3. Punishing length
4. Rarely straying out of line.”
All of this is true, but one decent partnership and the total is very chaseable.
Sharma is halfway off when the call comes, but his 16 runs might just make the difference when England bat.
India know this is dead but they’ve got reviews in the bank so go for it anyway.
WICKET! Sharma lbw Robinson 16 (India 209-8)
This is full, straight and slower, far too good for Ishant, who misses with his attempted flick while stepping across his stumps, and that’s an insult to an umpire of Michael Gough’s calibre.
89th over: India 207-7 (Ishant 15, Shami 6) Wood does indeed replace and Anderson and looks ok, flinging down a nasty boomp-ah at which Shami fends on the leap. England want a catch in the slips, but the umpire says no and they don’t review; a replay shows it was shoulder, though the ball was close to the glove. His fifth delivery is then bumped back to him and he dives to field, right on his shoulder – eeek! – then completes a maiden.
88th over: India 207-7 (Ishant 15, Shami 6) Now Shami has a shy, banging down his front foot to carve four through point – do England set the field back and assume their lines will keep the score under control pending a good ball or an error, or do they get around the bat and force things? On the boundary, Wood warms up, a good sign for them, but in the meantime three singles follow which take the lead to 180 and Wood is back on the pitch with the ball in his hand. I dare say some light teeth music is en route.
87th over: India 200-7 (Ishant 14, Shami 0) Ishant has a hoik over slip and the ball rockets over slip for four, to Anderson’s intense mirth. Wth the lead at 171, England won’t want too many more of those – 220 seems the kind of score that’d make this a 50-50 match – and Bairstow has moved from slip to fly slip to defend the premeditated edge. Then, after four dots, Anderson goes for the toes and somehow Ishant squeezes out a two – India are doing ok here.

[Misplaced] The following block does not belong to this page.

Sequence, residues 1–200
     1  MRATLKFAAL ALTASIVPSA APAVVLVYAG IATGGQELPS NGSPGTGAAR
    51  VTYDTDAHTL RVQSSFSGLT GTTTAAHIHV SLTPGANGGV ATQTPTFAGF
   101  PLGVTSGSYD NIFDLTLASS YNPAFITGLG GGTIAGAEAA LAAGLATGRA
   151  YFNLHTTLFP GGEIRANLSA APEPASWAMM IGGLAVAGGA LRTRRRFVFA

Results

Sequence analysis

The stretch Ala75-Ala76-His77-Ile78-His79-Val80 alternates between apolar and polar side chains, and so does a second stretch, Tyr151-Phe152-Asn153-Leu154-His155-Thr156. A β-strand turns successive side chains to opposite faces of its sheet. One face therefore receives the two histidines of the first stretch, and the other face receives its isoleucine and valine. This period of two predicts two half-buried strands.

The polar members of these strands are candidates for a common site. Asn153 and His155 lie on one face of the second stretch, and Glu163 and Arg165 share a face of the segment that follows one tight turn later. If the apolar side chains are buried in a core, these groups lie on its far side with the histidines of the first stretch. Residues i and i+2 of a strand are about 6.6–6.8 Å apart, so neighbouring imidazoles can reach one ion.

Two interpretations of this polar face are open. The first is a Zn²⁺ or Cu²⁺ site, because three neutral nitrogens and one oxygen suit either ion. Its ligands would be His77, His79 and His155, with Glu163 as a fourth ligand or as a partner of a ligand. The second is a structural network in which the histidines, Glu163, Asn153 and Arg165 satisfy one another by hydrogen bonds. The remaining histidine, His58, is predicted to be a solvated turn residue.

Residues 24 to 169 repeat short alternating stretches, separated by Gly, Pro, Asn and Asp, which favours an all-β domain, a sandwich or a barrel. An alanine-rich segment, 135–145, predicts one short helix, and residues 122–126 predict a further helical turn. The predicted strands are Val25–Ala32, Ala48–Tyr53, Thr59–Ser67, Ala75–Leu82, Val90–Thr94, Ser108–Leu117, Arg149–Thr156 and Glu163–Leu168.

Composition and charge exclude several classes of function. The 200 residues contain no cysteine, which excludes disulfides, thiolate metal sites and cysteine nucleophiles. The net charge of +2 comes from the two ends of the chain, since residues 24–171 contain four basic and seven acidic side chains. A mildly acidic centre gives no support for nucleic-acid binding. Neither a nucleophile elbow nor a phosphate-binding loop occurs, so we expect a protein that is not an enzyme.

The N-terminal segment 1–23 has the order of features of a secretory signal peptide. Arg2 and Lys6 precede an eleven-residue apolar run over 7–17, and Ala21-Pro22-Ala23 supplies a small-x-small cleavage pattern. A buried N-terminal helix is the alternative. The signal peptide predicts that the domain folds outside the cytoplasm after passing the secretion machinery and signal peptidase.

86th over: India 194-7 (Ishant 8, Shami 0) In co-commentary, Dinest Karthik reckons that in England, you can’t just play correctly and hope that’ll be enough because the late movement off the seam means you might need to adjust late doors. That’s what happened to Pant, and you’d fancy that India’s tail will encounter similar tzoros.
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WICKET! Pant c Buttler b Robinson 22 (India 197-7)
Colossal! Robinson is so reliable with his discipline and he yanks Pant forward who plays very straight. But the ball does just enough off the seam, leaving him, caressing the full face, and shooting behind!
86th over: India 197-6 (Pant 22, Ishant 8) Pant flicks two in front of square on the on side…
85th over: India 192-6 (Pant 20, Ishant 8) There was a touch of Andy Flower’s England about yesterday afternoon, bowling dry enough to stay in the game with the ball and pitch offering no help but excuse me while I interrupt myself, after three dots Pant makes room by backing away to leg while springing out of his crease, cleansing Anderson for four through cover. Ridiculous behaviour, yet typical behaviour. A leg bye follows, then Sharma slices a, er, square drive that also runs away to the fence, and the lead is not 165.
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84th over: India 183-6 (Pant 16, Ishant 4) Robinson, like Anderson, is bereft of wickets in this innings, but has been given just 10 overs – this is his chance to affect things, and he’ll know it. In the meantime we cut to Wood, showing off his pecs and swinging his strapped shoulder through a stretch, which doesn’t look good. Anyhow, after four dots Robinson has one leave Pant up the hill and he misses his second defensive push of the morning then, after a single, Sharma fends off a lift-uh that drops clear of short leg.
“Ooo, don’t you just love Test cricket,” emails Bill Hargreaves. “So many variables, so many holes in the dyke to plug, so many opportunities to attempt to exploit. It’s like playing chess, bridge, and the trombone at the same time. Have a little part of my mind dedicated to those Afghanistan teams that showed up at the international events. Fingers crossed for them all.”
Agreed on all counts.
83rd over: India 182-6 (Pant 15, Ishant 4) England have gone for an in-out field, two slips and a gully then men looking for the heave, and after two dots Anderson persuades one to leave Pant as he looks to defend, seam position absolutely fit as. But Pant then gets himself down the other end with an off-side shove and Ishant sees out the remaining two deliveries, just about.
“With Pant at the crease, it just dials up the excitement to 11,” reckons Séin Healy. “I feel he could come out to bat on a motorcycle and nobody would bat an eyelid, just look on appreciatively.”
And rightly so.
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The players are with us and Jimmy Anderson has the ball; Crawley is fielding, so presumably Wood is not…